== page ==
An Ontario doctor facing non-criminal allegations that she misled health officials about her contacts after she caught COVID-19 last Christmas has had all counts against her dropped, as her husband pleaded guilty.
Martina Weir, who worked at nursing homes and hospitals in Durham Region, east of Toronto, and her husband Brian Weir were the first known cases in Canada of the alpha variant of COVID-19, also known as B117 and which was first detected in the U.K.
When the cases were announced last December, provincial health officials said it was a fluke that the variant was detected in the couple, and that the Weirs had withheld information about contact with a traveller from the U.K. CBC News later learned that a close family member who lives in Britain flew to Canada in mid-December to spend time at the Weirs’ home over the holidays.
Brian Weir pleaded guilty Wednesday morning in Durham Region provincial court to a single non-criminal count of failing to provide accurate information on all people he may have had contact with during his period of infectiousness for COVID-19.
The agreed statement of facts read to the court simply stated: “During a phone call with a public health nurse on Dec. 21, 2020, the defendant was asked to disclose who lived in their house and who visited their home during their period of communicability, and the information provided was not accurate.”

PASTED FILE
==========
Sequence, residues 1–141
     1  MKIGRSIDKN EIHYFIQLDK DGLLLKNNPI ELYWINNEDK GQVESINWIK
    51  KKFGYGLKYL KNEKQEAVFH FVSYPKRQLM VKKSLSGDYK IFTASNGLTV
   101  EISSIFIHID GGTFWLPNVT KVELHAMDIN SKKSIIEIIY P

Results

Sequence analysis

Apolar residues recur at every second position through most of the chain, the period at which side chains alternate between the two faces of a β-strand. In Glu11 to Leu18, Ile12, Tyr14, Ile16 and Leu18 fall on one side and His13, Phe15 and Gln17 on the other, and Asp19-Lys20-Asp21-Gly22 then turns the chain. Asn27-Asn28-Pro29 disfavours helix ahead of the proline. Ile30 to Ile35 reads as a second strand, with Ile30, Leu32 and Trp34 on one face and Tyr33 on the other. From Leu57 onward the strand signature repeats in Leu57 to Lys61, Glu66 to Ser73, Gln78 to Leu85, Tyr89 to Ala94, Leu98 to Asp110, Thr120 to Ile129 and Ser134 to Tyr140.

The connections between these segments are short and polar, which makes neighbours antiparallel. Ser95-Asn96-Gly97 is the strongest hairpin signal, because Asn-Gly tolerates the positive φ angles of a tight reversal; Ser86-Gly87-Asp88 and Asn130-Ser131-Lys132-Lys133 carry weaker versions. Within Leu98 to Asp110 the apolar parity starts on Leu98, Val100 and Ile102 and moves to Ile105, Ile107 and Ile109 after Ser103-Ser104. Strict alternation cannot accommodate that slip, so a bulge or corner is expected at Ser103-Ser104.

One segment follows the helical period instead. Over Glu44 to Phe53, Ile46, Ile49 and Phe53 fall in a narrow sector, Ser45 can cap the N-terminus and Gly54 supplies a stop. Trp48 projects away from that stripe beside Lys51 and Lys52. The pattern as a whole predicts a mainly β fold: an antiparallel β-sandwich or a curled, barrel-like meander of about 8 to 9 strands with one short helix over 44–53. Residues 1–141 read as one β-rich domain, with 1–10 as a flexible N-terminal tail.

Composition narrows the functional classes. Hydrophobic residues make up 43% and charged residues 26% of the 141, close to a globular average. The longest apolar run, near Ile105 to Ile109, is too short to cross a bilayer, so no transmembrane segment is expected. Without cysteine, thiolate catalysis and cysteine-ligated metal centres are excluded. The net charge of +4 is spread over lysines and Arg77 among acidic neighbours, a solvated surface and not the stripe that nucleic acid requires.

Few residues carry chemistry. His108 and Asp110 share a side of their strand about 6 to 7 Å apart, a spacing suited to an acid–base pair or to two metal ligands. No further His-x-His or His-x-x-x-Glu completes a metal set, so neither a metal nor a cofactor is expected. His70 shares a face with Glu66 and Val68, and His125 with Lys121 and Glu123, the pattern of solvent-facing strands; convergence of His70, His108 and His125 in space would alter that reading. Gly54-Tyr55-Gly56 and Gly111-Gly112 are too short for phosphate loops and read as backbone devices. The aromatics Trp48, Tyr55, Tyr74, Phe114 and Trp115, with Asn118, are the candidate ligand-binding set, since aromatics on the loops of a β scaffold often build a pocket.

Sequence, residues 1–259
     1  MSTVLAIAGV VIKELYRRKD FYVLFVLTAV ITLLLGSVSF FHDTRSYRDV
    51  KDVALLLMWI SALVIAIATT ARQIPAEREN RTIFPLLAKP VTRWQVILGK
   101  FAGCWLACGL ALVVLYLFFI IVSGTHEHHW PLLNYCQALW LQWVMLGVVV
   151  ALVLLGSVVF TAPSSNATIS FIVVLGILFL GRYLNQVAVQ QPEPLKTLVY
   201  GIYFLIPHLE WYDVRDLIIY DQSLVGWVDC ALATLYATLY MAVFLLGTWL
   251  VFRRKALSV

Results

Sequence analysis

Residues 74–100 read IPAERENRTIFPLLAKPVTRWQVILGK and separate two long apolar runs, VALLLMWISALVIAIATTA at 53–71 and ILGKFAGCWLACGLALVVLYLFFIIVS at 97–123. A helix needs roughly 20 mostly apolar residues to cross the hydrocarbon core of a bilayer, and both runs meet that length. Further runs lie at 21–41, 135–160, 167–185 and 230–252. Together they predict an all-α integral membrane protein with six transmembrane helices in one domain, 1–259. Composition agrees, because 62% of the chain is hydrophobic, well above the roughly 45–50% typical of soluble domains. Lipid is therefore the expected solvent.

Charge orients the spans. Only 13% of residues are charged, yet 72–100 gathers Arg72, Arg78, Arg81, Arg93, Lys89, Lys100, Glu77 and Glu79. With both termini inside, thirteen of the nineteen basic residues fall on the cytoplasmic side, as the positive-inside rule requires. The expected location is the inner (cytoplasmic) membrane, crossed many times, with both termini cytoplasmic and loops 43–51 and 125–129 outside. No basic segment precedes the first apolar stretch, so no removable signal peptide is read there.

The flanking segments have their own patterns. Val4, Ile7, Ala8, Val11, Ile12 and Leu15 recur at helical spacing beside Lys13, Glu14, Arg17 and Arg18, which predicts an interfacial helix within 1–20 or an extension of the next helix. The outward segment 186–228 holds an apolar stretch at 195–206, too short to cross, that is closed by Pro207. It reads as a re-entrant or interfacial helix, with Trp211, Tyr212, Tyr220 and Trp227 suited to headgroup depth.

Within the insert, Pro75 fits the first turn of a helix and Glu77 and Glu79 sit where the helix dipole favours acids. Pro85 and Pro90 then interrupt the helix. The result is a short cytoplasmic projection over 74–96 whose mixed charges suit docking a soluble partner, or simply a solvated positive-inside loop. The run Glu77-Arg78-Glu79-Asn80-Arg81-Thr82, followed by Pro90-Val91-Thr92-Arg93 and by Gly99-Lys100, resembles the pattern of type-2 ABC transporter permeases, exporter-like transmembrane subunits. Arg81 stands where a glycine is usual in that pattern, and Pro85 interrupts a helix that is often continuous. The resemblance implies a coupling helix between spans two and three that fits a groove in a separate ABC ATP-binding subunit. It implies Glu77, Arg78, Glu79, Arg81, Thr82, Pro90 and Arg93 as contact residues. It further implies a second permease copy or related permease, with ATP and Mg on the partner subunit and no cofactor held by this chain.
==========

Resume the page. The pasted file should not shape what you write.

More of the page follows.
Brian Weir’s lawyer and the prosecutor jointly suggested a $5,000 fine for the single count — the maximum possible under Ontario’s Health Protection and Promotion Act.
Prosecutor Thomas McKinnon told court that the guilty plea was part of a resolution of all the charges against both Weirs, and that two other counts against Brian Weir and all three charges against Martina Weir would be dropped.
Brian Weir’s lawyer called his client’s conduct a “minor transgression” but the justice of the peace hearing the case rejected that.
“These matters have some serious ramifications for the public at large,” Justice of the Peace Allison Forestall said in accepting his guilty plea and the sentencing recommendation.
“The legislation is in place to not necessarily just protect you, sir, but to protect other members of the community — particularly those that might unwittingly be involved with you or in contact with you and not knowing any of the risks associated with it.”
After the hearing, lawyers for the Weirs said neither they nor their clients wanted to comment.
Physician gone from nursing homes
The couple had been facing three counts each:
Two counts of “failing to provide accurate information on all persons that [they] may have had contact with during their period of communicability for COVID-19.”
One count each of obstruction for “providing false information” to public health officials.
In January, in the wake of the charges against the Weirs, Durham Region told CBC that Martina Weir was no longer an attending physician at the two publicly run long-term care homes where she had been employed.
The region did not immediately say Wednesday whether Weir is back working at the homes or if she plans to return.
Toronto Paramedic Services, where Brian Weir works as a senior scheduler for the city’s emergency medical service, did not immediately reply to a request for comment.